100 facts about Solar at CSIRO: Part 5Posted: Wednesday, 17th October, 2012
To celebrate our 100th blog post, we’ve put together (in no particular order) a list of 100 things you may not know about solar research at CSIRO. In this final section: some blasts from the past, some sports and some reports, and at the end we get a bit meta.
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- Within the solar team we have people with backgrounds in Chemistry, Physics, Geology, Electrical Engineering, Mechanical Engineering, Software Engineering and Chemical Engineering. (There’s a bit of Paper Engineering, too.)
- CSIRO solar scientist Professor Andrew Holmes was awarded a Royal Medal this year for his contributions to technologies including organic solar cells.
- Research scientist Jacek Jasieniak has just returned from spending a year in the US as a Fullbright Fellow, where he worked with Nobel laureate Professor Alan Heeger on increasing the efficiency of organic photovoltaic cells. Dr Jasieniak is also a former ‘Fresh science’ winner and the subject of a news article titled ‘Aussie Scientists Have Created Printable Frickin’ Lasers’.
- Some of our solar team mentor school children in science and engineering through the Scientists in Schools program.
- One of CSIRO’s solar engineers is former world champion in a solar-powered sport.
VPS / grid
- Twenty locations in the Hunter Region, including residential houses and council sites with rooftop photovoltaics, were involved in CSIRO / LMCC’s Virtual Power Station trial project. Each participating household used a web interface to track their solar panel performance and to see the performance of the whole VPS network.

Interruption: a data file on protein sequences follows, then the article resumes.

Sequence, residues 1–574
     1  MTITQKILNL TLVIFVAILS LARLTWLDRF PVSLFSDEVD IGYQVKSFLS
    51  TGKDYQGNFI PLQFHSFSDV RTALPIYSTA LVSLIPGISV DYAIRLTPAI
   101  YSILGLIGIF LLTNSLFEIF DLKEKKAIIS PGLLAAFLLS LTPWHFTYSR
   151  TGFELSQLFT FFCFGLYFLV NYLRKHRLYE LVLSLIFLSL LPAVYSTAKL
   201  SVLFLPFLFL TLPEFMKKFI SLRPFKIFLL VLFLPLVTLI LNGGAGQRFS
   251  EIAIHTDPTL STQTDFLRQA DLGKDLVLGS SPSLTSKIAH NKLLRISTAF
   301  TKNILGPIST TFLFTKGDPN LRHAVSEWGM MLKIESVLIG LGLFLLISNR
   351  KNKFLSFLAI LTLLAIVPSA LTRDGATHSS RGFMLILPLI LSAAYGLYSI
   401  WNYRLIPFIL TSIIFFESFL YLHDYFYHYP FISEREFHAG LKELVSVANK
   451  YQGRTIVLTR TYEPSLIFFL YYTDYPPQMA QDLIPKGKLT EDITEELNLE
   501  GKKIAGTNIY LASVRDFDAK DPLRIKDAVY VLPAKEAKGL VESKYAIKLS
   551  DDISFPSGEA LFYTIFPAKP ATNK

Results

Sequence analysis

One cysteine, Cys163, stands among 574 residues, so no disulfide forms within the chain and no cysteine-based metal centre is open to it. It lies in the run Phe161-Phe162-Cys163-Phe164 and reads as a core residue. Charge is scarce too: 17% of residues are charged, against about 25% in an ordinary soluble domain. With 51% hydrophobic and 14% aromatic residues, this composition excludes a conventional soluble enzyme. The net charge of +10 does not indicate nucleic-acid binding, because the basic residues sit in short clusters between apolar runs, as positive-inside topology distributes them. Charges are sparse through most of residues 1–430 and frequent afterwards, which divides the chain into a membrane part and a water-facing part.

- A CSIRO report has shown that Australia’s energy supply can remain stable and reliable even if a large percentage comes from solar energy or other intermittent sources. The solar intermittency can be managed by increasing grid flexibility and considering options such as energy storage and load control (i.e. switching things on or off, or turning them down for a short time).
- Australia’s first reported domestic solar hot water heater was designed and made by CSIRO in 1941.
- CSIRO made many improvements to flat-plate solar hot water collectors in the 1980s. Researchers used a 14 kW solar simulator made of mercury-iodide lamps for testing purposes.
- A CSIRO / University of Wollongong / NCC pilot study recently discovered that many solar hot water system owners in Australia could ‘supercharge’ their systems by making a few easy changes.
- CSIRO has had several projects investigating hydrogen production using solar energy, from the fashionable 80s (above) through to the present day.
- All of CSIRO’s solar research papers can be found in the online Research Publications Repository.
- The CSIRO Energy Centre in Newcastle has had many visitors including energy ministers or staffers from several different countries, documentary makers including the Discovery Channel and Dick Smith, and thousands of members of the public.
- Solar@CSIRO was CSIRO’s first blog. Others have followed.
- The solar blog has been viewed from 110 countries (and counting).
- Interesting search terms that have taken people to this blog include ‘solat power’ [sic], ‘photovoltaic cells fancy dress’, ‘solar power puns’, and the slightly surreal ‘how much does a hang glider cost’.
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